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Neurotoxicity Characterized After Infusion of CD19 CAR-T Cells

Last Updated: October 12, 2017.

Patients with severe neurotoxicity after infusion of CD19-targeted chimeric antigen receptor-modified T cells have evidence of endothelial activation, according to a study published online Oct. 12 in Cancer Discovery.

THURSDAY, Oct. 12, 2017 (HealthDay News) -- Patients with severe neurotoxicity after infusion of CD19-targeted chimeric antigen receptor-modified T (CAR-T) cells have evidence of endothelial activation, according to a study published online Oct. 12 in Cancer Discovery.

Juliane Gust, M.D., Ph.D., from the University of Washington in Seattle, and colleagues characterized neurologic adverse events in 133 adults with refractory B-cell malignancies treated with lymphodepletion chemotherapy followed by infusion of CD19 CAR-T cells.

The researchers found that there were correlations for acute lymphoblastic leukemia, high CD19+ cells in bone marrow, high CAR-T cell dose, cytokine release syndrome, and pre-existing neurologic comorbidities with elevated risk of neurologic adverse events. There was evidence of endothelial activation among patients with severe neurotoxicity, including disseminated intravascular coagulation, capillary leak, and elevated blood-brain barrier (BBB) permeability. The permeable BBB did not protect the cerebrospinal fluid from high concentrations of systemic cytokines, including interferonγ, which induced brain vascular pericyte stress and secretion of endothelium-activating cytokines. The brain of a patient with fatal neurotoxicity had endothelial activation and multifocal vascular disruption. In patients who subsequently developed grade ≥ 4 neurotoxicity, biomarkers of endothelial activation were higher before treatment.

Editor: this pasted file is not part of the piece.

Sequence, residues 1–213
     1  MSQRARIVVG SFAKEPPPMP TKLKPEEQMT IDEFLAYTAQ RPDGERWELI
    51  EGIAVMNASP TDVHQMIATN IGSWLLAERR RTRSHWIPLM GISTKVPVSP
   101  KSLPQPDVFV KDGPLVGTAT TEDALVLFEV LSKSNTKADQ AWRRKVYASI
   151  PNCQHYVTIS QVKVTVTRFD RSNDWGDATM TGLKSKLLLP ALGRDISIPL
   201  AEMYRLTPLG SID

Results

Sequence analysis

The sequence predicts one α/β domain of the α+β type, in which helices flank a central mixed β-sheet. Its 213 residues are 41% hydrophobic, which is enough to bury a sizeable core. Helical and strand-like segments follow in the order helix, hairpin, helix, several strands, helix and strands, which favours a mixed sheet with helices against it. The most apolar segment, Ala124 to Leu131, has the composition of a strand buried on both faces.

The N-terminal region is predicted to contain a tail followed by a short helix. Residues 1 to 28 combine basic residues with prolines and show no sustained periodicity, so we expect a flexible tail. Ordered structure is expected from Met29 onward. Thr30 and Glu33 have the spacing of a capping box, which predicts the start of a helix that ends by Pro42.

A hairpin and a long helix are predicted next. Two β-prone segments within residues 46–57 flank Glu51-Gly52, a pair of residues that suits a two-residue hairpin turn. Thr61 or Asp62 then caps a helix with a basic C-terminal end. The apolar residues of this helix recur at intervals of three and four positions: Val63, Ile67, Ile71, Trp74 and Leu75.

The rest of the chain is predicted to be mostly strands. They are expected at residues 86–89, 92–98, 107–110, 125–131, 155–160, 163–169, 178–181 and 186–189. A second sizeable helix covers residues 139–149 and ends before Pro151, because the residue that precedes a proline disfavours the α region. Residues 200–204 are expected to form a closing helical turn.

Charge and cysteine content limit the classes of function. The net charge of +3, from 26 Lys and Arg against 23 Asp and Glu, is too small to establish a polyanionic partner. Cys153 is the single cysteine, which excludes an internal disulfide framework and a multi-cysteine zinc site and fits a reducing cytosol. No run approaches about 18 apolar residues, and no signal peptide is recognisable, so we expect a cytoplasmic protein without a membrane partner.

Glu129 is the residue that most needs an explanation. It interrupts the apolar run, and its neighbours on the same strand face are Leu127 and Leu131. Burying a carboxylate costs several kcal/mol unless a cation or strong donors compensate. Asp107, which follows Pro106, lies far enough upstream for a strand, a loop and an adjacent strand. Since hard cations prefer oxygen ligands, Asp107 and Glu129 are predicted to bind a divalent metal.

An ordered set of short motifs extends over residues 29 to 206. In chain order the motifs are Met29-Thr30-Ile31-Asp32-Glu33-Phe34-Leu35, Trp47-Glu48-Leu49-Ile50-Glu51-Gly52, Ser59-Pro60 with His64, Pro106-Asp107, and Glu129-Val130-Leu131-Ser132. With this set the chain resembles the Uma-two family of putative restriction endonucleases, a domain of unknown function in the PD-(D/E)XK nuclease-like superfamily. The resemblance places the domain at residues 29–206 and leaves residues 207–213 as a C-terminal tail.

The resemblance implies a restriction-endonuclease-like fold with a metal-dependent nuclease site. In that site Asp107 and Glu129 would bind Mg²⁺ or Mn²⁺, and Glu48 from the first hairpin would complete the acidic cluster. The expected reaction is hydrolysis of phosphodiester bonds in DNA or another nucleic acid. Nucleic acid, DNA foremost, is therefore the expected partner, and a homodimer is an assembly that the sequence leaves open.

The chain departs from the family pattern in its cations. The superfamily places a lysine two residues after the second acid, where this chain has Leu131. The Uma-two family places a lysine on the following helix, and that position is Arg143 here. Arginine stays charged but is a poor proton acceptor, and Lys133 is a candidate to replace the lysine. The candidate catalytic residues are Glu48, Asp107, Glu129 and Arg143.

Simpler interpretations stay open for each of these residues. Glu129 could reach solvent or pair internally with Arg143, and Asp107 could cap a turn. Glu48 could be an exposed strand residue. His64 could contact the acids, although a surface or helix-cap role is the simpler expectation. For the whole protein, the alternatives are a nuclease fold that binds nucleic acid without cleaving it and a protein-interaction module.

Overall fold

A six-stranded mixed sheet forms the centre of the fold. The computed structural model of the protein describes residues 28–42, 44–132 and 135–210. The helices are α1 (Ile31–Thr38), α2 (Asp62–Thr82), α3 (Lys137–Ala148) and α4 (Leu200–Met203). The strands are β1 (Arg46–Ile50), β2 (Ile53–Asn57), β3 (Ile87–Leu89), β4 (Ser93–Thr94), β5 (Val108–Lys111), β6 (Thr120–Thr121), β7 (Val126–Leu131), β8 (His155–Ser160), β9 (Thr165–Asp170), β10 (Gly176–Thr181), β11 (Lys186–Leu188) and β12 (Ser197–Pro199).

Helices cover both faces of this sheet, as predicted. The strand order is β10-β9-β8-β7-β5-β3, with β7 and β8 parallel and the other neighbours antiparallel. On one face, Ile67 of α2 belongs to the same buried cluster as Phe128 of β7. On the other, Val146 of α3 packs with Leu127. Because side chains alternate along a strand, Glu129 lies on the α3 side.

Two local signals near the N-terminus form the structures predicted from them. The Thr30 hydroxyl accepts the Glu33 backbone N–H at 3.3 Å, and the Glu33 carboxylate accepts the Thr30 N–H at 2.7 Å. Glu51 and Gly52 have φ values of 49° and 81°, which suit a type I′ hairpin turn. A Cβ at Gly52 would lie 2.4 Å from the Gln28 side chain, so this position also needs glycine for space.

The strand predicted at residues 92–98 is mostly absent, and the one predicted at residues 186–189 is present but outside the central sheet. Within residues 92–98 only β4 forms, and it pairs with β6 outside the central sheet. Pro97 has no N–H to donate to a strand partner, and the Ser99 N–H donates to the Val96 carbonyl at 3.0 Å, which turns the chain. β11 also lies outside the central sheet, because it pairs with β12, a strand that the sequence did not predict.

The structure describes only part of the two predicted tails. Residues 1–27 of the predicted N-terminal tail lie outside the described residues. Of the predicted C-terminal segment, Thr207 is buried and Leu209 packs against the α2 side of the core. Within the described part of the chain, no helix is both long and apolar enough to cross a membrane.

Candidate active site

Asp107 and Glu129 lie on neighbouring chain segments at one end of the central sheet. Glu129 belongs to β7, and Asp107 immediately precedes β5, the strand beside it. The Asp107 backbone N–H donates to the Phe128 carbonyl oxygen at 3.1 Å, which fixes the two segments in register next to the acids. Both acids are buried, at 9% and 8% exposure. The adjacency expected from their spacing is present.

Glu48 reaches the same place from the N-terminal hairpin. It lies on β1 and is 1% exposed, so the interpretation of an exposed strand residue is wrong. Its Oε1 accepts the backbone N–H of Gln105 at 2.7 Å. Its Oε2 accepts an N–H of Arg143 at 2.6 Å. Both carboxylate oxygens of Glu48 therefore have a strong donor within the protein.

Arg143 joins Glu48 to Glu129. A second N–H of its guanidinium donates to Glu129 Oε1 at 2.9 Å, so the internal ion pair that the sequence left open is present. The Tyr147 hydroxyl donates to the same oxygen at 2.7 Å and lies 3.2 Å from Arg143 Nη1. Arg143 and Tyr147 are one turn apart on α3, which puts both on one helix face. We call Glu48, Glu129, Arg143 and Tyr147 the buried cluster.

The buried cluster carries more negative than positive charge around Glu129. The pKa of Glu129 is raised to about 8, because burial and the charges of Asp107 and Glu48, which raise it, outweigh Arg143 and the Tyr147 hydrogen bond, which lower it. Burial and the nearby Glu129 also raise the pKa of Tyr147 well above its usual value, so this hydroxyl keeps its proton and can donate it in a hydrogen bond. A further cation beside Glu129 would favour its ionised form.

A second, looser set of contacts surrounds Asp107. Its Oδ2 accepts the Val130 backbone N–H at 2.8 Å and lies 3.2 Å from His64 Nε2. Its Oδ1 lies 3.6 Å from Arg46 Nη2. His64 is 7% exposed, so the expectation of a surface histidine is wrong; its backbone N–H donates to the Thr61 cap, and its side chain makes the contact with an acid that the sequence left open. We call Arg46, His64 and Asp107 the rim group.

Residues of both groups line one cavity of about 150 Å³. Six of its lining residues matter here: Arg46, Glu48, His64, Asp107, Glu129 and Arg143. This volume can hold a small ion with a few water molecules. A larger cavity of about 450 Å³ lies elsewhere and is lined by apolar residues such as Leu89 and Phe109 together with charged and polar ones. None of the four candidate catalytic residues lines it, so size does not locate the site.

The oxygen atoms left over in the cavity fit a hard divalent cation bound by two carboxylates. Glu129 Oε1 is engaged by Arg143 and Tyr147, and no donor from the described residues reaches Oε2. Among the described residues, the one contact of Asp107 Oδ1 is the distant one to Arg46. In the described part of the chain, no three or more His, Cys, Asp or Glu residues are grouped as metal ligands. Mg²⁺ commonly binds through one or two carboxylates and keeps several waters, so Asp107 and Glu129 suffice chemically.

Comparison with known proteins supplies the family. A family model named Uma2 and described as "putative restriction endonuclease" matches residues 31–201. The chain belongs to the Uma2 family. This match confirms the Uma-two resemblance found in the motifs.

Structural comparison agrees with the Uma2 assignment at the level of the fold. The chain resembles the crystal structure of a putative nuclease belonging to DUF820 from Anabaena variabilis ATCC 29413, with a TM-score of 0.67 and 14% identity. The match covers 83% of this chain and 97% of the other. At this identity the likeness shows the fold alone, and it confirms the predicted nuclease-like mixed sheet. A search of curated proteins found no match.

"We show endothelial dysfunction and increased BBB permeability in neurotoxicity and find that patients with evidence of endothelial activation before lymphodepletion may be at increased risk of neurotoxicity," the authors write.

Several authors disclosed financial ties to the biopharmaceutical industry, including Juno Therapeutics, which partially funded the study.

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